Philippines approves $288M digital infrastructure project

The World Bank-funded project will enable the completion of the national fiber backbone, the expansion of the national broadband program and the extension of the domestic submarine cables to Visayas and Mindanao.

Gigi Onag, Senior Editor, APAC

June 28, 2024

3 Min Read
Philippine flag
Source: Hitoshi Namura/Unsplash

Philippine President Ferdinand Marcos Jr. has approved the proposed Philippine Digital Infrastructure Project, which aims to boost broadband connectivity nationwide, particularly in remote areas of the country.

Funded by a World Bank loan worth 16.1 billion Philippine pesos (US$288 million), the project was approved Tuesday during the 18th board meeting of the National Economic Development Authority (NEDA). President Marcos Jr. heads the NEDA board.

According to NEDA, the PDIP will bring high-speed Internet connections to underserved areas as well as augment the country's digital infrastructure to bridge the digital divide. NEDA added that the project will stimulate private sector investments, strengthen the Philippines' capacity for cybersecurity and protect critical information infrastructure.

"Broadband services have already opened up numerous opportunities for Filipinos, from work-from-home arrangements to digital access to critical public and private services, including the latest technological tools such as artificial intelligence. This project will enable us to connect more Filipinos to markets and networks, spurring economic development," Arsenio M. Balisacan, NEDA secretary, said in a statement.

Completing the national fiber backbone

The 10-year PDIP falls under the jurisdiction of the Department of Information and Communications Technology (DICT), which is overseeing the flagship project.

The DICT said that the digital infrastructure project is the largest and the first of its kind in the Philippines.

"It will seek to complete the national fiber backbone – the first phase, which spans from Baler to Laoag and then to Metro Manila, was launched last April," DICT Undersecretary Jeffrey Ian Dy said during a press conference on Wednesday.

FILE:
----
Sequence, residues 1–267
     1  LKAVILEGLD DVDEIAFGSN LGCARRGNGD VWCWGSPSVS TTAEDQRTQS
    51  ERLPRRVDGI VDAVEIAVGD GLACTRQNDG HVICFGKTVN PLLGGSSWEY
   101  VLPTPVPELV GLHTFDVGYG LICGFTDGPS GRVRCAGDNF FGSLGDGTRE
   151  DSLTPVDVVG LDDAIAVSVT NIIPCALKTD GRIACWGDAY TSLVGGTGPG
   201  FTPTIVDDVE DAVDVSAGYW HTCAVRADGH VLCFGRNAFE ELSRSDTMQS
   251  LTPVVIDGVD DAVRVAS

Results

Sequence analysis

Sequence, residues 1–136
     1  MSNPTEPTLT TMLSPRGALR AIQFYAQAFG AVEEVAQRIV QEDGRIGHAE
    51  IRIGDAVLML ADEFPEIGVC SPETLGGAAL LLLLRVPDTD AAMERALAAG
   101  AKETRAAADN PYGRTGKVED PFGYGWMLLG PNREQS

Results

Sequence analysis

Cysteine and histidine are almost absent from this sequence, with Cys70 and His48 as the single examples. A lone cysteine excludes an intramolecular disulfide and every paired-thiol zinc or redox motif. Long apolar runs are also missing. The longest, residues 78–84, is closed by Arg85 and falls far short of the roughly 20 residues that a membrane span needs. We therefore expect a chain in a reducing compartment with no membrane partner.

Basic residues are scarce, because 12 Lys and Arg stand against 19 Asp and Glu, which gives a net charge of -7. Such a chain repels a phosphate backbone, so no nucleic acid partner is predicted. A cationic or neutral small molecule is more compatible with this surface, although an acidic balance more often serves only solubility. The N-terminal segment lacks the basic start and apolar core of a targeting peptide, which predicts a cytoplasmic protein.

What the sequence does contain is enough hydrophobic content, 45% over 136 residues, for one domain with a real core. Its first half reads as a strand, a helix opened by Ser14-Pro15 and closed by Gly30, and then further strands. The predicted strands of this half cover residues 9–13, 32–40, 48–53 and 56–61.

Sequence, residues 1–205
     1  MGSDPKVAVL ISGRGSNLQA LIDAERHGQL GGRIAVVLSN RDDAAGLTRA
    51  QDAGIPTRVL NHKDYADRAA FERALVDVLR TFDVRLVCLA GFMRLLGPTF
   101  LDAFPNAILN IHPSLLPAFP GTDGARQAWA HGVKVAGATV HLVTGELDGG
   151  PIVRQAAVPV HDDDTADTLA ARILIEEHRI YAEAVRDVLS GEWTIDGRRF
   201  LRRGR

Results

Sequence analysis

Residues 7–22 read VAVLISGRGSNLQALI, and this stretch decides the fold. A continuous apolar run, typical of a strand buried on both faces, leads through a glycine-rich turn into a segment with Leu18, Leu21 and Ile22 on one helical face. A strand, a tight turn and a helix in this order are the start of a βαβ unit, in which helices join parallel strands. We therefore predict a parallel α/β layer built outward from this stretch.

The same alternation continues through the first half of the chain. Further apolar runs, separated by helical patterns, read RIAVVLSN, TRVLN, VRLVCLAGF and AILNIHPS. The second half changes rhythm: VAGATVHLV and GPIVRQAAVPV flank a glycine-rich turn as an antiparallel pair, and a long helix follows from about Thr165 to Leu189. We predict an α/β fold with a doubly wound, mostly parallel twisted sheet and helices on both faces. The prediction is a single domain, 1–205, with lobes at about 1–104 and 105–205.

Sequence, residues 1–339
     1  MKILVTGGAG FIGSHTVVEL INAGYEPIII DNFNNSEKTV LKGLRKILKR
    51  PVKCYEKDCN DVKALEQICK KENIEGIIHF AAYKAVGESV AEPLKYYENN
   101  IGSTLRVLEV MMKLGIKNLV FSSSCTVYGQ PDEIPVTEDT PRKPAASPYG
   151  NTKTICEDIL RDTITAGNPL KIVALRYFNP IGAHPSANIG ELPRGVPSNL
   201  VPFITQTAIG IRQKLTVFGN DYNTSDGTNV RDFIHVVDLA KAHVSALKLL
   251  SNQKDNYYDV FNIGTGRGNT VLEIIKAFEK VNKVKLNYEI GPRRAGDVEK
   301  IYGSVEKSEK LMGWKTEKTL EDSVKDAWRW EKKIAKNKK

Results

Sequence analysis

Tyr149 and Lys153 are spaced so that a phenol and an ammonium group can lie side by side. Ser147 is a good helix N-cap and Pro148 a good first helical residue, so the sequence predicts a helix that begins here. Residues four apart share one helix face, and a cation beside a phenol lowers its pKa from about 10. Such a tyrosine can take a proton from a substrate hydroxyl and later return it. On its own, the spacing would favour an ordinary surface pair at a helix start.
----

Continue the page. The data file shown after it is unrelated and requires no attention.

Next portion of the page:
This year, DICT plans to complete Phases 2 and 3 of the national fiber network, which will connect Metro Manila to Southern Luzon. The entire span of the national fiber network is expected to be finished by 2028.

Meanwhile, with the $288 million World Bank loan, Dy said DICT should be able to expand the domestic submarine cables across Visayas and connect them to Mindanao.

Building 722 free Wi-Fi sites in Mindanao

As part of the PDIP, DICT is planning to build 722 free Wi-Fi sites with a focus particularly in Regions XI and XIII of Mindanao and targeted to serve public schools and rural health centers.

Citing research figures, Dy said the Philippines has an Internet penetration rate of 73.6%, accounting for approximately 86 million of the population who have online access either through mobile data or fixed broadband.

"The [digital] disparity is larger in Mindanao where in some regions the Internet penetration rate is lower than 17%. So, that’s really the target of this development fund," Dy said. He added that telco operators Globe, PLDT and Smart wouldn’t bring their services to remote areas because the population will not be able to support payment for commercial Internet.

Dy reiterated the importance of the national fiber backbone and the national broadband program – both of which are under the PDIP – to the growth of the Philippine economy.

"According to our research, for every 10% increase in Internet penetration rate, it constitutes approximately a 1.38% increase in our Gross Domestic Product and that is the reason why this project is very important,” he explained.

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About the Author(s)

Gigi Onag

Senior Editor, APAC, Light Reading

Gigi Onag is Senior Editor, APAC, Light Reading. She has been a technology journalist for more than 15 years, covering various aspects of enterprise IT across Asia-Pacific.

She started with regional IT publications under CMP Asia (now Informa), including Asia Computer Weekly, Intelligent Enterprise Asia and Network Computing Asia and Teledotcom Asia. This was followed by stints with Computerworld Hong Kong and sister publications FutureIoT and FutureCIO. She had contributed articles to South China Morning Post, TechTarget and PC Market among others.

She interspersed her career as a technology editor with a brief sojourn into public relations before returning to journalism, joining the editorial team of Mix Magazine, a MICE publication and its sister publication Business Traveller Asia Pacific.

Gigi is based in Hong Kong and is keen to delve deeper into the region’s wide wild world of telecoms.

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